Slow Walking in Individuals with Chronic Post-Stroke Hemiparesis: Speed Mediated Effects of Gait Kinetics and Ankle Kinematics
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Post-stroke rehabilitation often aims to increase walking speeds, as faster walking is associated with improved functional status and quality of life. However, for successful community ambulation, ability to modulate (increase and decrease) walking speeds is more important than walking continuously at constant speeds. Increasing paretic propulsive forces to increase walking speed has been extensively examined; however, little is known about the mechanics of slow walking post-stroke. The primary purpose of this study was to identify the effects of increased and decreased walking speeds on post-stroke kinetics and ankle kinematics. Fifteen individuals with chronic post-stroke hemiparesis and 15 non-neurologically impaired controls walked over an instrumented treadmill under: slow, self-selected, and fast walking speeds. We examined the peak propulsive forces, propulsive impulse, peak braking forces, braking impulse, and ankle kinematics under each condition. When walking at slow walking speeds, paretic limbs were unable to reduce braking impulse and peak propulsive force or modulate ankle kinematics. Impaired modulation of paretic gait kinetics during slow walking places people post-stroke at high risks for slip-related falls. These findings suggest the need for developing gait retraining paradigms for slow walking in individuals chronically post-stroke that target the ability of the paretic limb to modulate braking forces.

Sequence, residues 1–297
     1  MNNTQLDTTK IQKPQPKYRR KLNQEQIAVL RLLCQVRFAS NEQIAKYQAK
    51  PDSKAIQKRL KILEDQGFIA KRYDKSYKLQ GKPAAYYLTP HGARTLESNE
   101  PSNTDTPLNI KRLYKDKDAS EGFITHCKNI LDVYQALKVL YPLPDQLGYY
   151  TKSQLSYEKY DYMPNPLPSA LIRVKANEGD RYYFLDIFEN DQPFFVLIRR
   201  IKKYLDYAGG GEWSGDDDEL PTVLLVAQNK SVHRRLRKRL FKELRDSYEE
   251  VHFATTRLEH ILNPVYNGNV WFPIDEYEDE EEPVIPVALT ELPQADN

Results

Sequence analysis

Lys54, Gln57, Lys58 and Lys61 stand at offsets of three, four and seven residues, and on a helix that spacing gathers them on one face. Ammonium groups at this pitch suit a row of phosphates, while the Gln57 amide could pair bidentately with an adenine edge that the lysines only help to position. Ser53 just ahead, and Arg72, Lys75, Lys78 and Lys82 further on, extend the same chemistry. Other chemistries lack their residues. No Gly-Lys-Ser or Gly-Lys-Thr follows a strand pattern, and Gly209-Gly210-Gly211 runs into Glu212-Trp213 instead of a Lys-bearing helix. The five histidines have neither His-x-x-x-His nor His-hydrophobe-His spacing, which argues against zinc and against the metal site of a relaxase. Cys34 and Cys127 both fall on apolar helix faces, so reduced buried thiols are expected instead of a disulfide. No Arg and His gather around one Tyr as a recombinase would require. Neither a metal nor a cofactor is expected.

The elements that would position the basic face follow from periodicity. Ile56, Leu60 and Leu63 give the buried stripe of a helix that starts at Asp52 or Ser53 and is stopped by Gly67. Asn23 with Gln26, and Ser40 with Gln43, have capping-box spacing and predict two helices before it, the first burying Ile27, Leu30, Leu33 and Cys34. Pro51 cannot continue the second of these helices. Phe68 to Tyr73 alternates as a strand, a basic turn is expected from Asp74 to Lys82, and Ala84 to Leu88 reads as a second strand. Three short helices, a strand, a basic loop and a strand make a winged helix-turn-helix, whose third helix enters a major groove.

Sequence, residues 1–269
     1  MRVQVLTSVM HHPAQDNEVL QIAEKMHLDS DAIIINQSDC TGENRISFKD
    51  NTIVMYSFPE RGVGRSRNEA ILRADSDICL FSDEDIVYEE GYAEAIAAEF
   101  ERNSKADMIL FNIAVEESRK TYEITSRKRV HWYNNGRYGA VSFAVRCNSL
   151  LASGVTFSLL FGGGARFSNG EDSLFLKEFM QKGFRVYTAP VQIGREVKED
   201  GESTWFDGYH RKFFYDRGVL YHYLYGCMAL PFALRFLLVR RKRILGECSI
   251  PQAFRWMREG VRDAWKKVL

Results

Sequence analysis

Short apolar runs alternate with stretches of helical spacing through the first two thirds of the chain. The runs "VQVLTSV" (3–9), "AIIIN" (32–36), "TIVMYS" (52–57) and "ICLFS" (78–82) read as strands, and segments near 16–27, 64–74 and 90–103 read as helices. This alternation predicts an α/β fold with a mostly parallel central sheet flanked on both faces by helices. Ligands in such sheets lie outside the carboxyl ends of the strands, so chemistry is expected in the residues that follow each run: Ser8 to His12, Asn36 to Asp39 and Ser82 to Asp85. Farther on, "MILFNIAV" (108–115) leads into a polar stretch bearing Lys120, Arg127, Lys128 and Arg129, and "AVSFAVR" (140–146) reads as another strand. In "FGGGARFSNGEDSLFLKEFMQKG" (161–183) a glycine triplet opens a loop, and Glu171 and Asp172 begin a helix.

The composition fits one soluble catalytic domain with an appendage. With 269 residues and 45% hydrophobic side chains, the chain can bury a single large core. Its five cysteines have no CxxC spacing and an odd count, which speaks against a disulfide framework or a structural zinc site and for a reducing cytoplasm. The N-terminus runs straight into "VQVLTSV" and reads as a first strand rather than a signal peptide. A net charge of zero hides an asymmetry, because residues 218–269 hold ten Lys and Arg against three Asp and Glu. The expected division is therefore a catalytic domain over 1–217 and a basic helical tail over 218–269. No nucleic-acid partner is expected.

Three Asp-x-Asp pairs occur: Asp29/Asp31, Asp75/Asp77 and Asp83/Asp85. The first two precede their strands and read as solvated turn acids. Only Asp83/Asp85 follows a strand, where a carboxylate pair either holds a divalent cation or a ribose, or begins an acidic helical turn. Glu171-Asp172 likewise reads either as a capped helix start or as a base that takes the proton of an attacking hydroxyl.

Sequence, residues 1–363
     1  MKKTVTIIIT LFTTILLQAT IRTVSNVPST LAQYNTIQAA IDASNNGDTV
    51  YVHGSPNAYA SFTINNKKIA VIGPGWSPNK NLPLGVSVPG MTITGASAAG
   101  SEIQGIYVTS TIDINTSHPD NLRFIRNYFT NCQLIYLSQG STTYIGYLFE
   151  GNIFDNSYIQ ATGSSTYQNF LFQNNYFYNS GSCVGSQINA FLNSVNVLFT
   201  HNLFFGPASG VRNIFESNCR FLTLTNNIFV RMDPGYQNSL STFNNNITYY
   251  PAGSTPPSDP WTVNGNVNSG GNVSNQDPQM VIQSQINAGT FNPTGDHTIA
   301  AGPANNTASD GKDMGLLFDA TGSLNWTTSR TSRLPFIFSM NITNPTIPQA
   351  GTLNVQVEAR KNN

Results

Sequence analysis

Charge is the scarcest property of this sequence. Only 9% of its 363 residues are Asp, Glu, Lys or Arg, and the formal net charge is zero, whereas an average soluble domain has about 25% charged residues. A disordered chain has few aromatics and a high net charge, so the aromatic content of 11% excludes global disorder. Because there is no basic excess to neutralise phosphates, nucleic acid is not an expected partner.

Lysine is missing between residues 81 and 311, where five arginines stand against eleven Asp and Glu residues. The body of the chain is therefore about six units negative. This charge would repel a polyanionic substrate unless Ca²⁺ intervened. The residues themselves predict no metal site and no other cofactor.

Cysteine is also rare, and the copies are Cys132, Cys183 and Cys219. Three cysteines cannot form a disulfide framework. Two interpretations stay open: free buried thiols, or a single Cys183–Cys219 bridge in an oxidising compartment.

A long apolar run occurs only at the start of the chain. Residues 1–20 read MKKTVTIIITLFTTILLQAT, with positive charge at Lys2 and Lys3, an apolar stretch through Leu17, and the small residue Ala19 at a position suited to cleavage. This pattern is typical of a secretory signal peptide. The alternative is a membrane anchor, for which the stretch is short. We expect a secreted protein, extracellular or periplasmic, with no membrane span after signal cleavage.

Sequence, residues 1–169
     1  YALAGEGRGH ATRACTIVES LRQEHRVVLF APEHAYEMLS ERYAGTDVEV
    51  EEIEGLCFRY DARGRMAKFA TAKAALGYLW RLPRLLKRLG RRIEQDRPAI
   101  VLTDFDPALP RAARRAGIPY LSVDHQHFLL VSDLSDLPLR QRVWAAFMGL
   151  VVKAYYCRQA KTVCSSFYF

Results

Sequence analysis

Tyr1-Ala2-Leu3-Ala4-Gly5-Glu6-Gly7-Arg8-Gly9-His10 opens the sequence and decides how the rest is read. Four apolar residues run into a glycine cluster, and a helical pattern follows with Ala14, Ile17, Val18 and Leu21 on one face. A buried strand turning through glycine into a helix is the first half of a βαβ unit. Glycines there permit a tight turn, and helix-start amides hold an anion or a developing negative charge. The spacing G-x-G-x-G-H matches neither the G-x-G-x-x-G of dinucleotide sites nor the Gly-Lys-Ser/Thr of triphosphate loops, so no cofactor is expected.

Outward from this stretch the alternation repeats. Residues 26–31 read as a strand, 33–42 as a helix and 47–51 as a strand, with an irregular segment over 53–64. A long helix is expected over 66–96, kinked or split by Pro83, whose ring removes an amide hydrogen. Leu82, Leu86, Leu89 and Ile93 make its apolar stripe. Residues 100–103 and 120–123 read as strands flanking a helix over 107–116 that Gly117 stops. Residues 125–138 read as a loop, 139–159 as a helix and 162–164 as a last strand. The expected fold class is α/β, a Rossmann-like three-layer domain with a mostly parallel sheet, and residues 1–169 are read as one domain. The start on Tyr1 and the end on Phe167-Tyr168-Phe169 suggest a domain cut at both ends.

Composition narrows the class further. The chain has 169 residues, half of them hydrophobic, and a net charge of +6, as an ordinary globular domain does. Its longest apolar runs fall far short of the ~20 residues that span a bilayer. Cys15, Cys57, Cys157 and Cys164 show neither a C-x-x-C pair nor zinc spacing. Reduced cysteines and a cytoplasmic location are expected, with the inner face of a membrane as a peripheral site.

Post-stroke hemiparesis; Walking speed; Gait; Slow walking; Ground reaction forces
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Liang, J.N.; Ho, K.-Y.; Lee, Y.-J.; Ackley, C.; Aki, K.; Arias, J.; Trinh, J. Slow Walking in Individuals with Chronic Post-Stroke Hemiparesis: Speed Mediated Effects of Gait Kinetics and Ankle Kinematics. Brain Sci. 2021, 11, 365. https://doi.org/10.3390/brainsci11030365
Slow Walking in Individuals with Chronic Post-Stroke Hemiparesis: Speed Mediated Effects of Gait Kinetics and Ankle Kinematics. In Michelle Ploughman,
Brain Sciences, 11(3),